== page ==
How to lose £8 million in three years – buy Yospace

We all know that Mobile can be  a volatile area, it’s new and there’s no guarantees that anything will work. So it’s no surprise that we learn from the that mobile video content platform Yospace was sold by publisher Bauer for just £1, three years after being bought for at least £8 million in 2007.

Back in 2007 Yospace was a big name in mobile, and it attracted a lot of attention and more importantly it attracted publishers Emap who bought Yospace for anything from  £8 million to over £14 million. However it’s current owners Bauer – they bought the part of Emap that owned Yospace – have now off loaded the company for a pitiful £1 to “private investors.” Presumably “private investors” who were rich-enough to have £1 rolling around in the spare change draw, and who found it in an unwanted corner of Poundland.

According to the “Bauer provided no detail on why it had chosen to dispose of the businesses but said both decisions were made after a thorough review. It said the Yospace disposal would not have ‘a material impact on the company.’”

Back in 2007  the “mobile applications innovator and platform provider” was at it’s height. It was powering See Me TV for 3 and the Look at Me brand for O2. The model was uploading videos from the general public, which could then be shared with 3 and O2 user and any resulting download revenues split between the operators. It was hoped that Emap could use the platform to do the same for their readers. Unfortunately it just never happened, and FHM, Q, Heat, and Empire readers were happier just filming their videos and shoving them on FaceBook and YouTube, where their friends could see them for free, rather than digging deep through O2 and 3’s portals and then paying through the nose to O2 and 3 for the downloads.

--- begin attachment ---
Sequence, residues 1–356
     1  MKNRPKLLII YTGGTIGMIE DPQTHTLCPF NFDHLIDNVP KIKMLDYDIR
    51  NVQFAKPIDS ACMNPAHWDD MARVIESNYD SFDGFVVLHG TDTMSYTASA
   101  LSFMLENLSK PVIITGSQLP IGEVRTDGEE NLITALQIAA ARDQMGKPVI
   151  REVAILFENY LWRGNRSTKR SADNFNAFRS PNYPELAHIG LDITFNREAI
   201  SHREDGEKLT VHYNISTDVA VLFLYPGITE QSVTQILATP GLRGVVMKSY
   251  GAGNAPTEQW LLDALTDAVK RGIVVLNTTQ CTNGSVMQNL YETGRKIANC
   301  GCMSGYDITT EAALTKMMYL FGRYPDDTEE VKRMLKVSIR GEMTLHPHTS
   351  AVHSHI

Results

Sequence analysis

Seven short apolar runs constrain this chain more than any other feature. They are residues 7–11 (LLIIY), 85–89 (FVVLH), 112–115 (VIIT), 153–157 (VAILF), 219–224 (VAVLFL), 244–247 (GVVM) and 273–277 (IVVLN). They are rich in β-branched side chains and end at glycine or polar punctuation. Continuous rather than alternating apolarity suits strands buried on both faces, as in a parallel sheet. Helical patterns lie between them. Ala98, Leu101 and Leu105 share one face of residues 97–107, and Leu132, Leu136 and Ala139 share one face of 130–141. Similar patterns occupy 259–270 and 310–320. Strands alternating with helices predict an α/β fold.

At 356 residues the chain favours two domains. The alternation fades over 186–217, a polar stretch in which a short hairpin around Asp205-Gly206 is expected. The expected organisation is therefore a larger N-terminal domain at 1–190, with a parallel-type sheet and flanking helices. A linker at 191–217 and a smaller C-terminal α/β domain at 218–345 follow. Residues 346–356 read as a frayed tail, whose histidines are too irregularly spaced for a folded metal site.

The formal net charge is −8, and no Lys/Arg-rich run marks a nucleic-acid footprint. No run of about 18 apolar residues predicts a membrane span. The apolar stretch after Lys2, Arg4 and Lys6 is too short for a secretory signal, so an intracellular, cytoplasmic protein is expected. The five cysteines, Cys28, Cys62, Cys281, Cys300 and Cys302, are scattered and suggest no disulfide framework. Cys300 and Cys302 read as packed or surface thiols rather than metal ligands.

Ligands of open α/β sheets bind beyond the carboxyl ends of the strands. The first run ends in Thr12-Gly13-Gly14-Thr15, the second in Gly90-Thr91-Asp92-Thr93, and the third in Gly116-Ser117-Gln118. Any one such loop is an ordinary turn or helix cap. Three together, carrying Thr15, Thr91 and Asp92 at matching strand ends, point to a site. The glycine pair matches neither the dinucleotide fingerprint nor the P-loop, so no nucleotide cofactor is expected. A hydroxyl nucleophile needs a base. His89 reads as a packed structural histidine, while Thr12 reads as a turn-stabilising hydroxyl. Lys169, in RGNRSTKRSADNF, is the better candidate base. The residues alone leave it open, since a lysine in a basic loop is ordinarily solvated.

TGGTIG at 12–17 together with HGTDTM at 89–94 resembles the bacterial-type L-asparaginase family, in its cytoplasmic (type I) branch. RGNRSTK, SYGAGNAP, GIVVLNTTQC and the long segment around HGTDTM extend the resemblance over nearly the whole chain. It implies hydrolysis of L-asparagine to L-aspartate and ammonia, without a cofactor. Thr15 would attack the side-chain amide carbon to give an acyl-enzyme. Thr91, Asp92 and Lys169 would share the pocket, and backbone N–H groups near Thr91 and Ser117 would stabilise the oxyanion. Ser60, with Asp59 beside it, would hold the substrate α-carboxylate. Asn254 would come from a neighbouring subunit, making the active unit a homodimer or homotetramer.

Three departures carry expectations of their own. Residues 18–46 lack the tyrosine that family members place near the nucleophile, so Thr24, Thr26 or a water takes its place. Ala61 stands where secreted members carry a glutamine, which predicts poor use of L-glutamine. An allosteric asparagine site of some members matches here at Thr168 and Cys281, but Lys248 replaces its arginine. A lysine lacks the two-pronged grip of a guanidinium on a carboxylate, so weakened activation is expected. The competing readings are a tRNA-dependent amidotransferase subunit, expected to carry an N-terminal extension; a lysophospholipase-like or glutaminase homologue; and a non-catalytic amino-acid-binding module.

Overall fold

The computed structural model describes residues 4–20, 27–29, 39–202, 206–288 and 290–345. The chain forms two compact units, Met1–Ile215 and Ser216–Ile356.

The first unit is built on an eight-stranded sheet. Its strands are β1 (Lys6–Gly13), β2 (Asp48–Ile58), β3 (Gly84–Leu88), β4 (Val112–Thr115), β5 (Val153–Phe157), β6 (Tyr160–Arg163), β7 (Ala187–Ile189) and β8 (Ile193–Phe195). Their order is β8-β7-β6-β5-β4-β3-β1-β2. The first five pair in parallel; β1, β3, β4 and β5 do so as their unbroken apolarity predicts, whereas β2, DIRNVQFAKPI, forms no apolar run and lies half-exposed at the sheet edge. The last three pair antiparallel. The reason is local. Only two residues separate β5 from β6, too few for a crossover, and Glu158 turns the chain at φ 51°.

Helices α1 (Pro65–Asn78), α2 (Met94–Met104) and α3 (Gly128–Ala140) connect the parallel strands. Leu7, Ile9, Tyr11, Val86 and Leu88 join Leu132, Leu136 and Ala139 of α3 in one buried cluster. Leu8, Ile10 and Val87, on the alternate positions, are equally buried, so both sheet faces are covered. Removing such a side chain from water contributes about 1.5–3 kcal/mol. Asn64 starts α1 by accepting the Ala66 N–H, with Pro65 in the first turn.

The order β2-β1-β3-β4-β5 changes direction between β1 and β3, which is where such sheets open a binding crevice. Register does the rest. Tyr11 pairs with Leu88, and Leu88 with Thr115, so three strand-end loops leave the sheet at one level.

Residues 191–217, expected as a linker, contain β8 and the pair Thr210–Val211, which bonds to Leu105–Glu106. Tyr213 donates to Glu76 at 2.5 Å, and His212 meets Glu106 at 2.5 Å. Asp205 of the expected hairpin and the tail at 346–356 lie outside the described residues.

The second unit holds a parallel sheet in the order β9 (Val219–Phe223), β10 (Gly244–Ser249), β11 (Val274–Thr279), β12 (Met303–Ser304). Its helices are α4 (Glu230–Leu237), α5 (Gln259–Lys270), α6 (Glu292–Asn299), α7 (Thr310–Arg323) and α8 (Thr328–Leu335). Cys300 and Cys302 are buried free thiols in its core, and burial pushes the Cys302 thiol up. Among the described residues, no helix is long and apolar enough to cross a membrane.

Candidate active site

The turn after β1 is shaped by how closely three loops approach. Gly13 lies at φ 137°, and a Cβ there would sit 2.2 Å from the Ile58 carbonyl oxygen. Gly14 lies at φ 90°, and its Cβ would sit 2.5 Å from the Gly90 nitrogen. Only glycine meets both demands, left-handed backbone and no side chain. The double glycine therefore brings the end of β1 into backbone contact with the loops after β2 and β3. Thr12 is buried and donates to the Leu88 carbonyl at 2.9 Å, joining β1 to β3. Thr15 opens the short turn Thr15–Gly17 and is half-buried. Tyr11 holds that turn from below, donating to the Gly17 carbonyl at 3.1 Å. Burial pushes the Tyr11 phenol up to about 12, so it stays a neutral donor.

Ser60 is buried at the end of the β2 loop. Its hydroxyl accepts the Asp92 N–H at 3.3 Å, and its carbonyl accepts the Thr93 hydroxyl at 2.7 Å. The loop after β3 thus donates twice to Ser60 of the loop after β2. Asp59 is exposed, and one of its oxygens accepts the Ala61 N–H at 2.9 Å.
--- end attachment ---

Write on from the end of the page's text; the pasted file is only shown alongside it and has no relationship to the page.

It’s quite fun to look at what was said at the time, here’s Dharmash Mistry, MD of Emap Performance, spin from 2007;

“We are delighted to acquire the innovative team and technology behind the See Me TV and Look At Me TV brands. Coupled with Emap’s marketing reach, brands, content and industry relationships, this strategic move parachutes us to the forefront of the emerging mobile user generated and video content market.”

and this is what Tim Sewell, CEO of Yospace, said back then:

“Being part of Emap will enable Yospace to accelerate product development and new services, and deliver enhanced support to our customers in the mobile operator space globally.”

ooops!!! The final cost of the original Emap Yospace deal was to be decided based on revenues up to March 2010, and interestingly that’s when the £1 deal was done.

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